In contrast, products are continuous systems. Defined explicitly: products are the way an organization delivers and captures value. They don’t have an end. Products are never done. For example, when is Amazon done? When is a bank done? When is your hair stylist done delivering their service? When we view our work as a product we realize that delivering the components of that product are not the measures of its success. They are the continuous evolution (and hopefully improvement) of that product. Our goal when we approach our work with a product mindset is not to celebrate the incremental and iterative deliveries of features, functionalities and improvements but rather their outcomes -- the measurable changes in the behavior of the people who consume those products.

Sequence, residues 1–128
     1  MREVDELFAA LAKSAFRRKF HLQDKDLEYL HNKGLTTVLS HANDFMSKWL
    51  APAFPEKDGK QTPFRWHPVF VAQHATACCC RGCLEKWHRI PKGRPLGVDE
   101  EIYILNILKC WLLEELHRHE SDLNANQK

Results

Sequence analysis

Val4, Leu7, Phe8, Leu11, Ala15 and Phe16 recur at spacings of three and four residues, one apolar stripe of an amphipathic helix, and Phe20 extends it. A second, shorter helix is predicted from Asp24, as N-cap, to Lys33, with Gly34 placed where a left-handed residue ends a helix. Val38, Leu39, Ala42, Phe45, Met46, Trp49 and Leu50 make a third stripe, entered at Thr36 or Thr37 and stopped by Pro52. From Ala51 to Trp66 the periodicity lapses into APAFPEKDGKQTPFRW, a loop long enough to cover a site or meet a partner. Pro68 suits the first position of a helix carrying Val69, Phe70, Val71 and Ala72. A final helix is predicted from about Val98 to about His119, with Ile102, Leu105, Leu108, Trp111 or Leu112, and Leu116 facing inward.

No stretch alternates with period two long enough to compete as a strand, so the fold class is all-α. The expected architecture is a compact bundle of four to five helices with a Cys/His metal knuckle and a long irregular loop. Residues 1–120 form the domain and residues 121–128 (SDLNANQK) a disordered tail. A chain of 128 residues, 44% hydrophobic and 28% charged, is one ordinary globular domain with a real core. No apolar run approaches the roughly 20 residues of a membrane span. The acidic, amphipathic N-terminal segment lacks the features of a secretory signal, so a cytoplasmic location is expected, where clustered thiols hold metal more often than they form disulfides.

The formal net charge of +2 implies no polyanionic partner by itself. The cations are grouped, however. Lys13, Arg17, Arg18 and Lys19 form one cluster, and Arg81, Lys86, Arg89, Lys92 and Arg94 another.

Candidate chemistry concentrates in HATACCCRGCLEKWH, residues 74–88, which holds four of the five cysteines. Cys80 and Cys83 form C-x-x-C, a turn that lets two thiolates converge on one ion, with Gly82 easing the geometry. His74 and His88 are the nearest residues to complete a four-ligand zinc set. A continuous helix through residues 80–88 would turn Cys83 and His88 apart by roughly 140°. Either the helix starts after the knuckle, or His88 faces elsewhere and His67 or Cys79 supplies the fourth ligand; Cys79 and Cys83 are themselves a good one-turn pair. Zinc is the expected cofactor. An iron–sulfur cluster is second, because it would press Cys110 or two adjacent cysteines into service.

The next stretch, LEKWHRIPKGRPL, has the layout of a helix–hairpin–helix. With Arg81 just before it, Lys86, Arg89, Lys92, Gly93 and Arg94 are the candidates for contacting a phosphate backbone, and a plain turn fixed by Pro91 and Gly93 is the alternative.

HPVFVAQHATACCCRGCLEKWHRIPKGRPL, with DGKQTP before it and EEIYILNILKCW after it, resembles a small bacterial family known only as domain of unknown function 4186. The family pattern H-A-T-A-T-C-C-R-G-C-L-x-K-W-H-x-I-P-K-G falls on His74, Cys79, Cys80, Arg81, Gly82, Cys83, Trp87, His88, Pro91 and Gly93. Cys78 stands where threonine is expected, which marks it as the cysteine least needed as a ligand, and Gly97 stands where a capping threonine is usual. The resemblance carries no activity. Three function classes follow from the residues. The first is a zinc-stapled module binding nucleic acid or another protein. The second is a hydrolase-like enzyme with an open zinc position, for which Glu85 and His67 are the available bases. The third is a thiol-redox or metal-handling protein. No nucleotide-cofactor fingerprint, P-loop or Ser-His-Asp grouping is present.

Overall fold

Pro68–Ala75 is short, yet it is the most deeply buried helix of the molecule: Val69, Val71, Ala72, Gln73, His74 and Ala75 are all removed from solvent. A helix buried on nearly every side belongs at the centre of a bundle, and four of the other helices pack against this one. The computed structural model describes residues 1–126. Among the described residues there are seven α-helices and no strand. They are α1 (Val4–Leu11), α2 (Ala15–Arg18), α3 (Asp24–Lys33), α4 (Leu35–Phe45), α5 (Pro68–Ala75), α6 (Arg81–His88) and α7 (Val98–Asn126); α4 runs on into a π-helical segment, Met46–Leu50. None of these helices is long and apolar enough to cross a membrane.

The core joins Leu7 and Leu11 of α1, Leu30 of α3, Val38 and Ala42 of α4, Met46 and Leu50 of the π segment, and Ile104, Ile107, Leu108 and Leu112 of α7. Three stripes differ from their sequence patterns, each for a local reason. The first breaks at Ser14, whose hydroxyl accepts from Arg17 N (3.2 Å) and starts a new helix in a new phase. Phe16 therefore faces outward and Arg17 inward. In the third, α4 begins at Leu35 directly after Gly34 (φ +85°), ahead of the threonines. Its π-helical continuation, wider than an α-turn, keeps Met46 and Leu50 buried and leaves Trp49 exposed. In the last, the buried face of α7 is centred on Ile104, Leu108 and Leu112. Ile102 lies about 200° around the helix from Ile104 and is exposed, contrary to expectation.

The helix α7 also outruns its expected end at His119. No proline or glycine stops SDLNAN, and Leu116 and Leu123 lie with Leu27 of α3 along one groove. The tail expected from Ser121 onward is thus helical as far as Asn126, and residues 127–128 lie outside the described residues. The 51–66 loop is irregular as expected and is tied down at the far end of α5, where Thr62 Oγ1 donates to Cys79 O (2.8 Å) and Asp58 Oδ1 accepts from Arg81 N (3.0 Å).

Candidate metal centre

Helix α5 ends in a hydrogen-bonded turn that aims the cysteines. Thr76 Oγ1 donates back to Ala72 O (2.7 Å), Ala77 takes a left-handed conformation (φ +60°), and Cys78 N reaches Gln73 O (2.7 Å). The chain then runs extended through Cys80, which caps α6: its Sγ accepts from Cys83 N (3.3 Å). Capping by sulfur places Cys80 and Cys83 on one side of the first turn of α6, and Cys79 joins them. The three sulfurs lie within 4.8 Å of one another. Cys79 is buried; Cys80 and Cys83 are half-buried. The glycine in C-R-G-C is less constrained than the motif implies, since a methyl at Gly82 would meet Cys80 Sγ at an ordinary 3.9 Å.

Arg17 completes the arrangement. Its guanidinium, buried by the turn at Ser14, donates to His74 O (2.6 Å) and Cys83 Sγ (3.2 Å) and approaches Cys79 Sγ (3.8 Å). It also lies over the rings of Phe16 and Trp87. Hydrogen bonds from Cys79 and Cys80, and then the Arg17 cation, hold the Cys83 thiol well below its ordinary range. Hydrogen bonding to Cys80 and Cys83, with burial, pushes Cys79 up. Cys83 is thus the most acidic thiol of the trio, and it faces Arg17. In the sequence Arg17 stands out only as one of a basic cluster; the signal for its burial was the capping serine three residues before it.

Delivering an output is designed to be an ongoing, uneventful part of building continuous products. Instead of celebrating each output, we focus on the outcomes we seek to generate to tell us whether this product is worth any more investment or effort.
 

Projects are linear. Products are circular. 

Because projects end, they have a linear planning process. We work from one phase to the next, handing off our work to the next discipline in the production chain. We ask each discipline to estimate their levels of effort and we put together a linear project plan or roadmap. Our goal is predictability and consistency. We often don’t account for variability or new discoveries because we want to provide a confident answer to the question, “When will it be done?”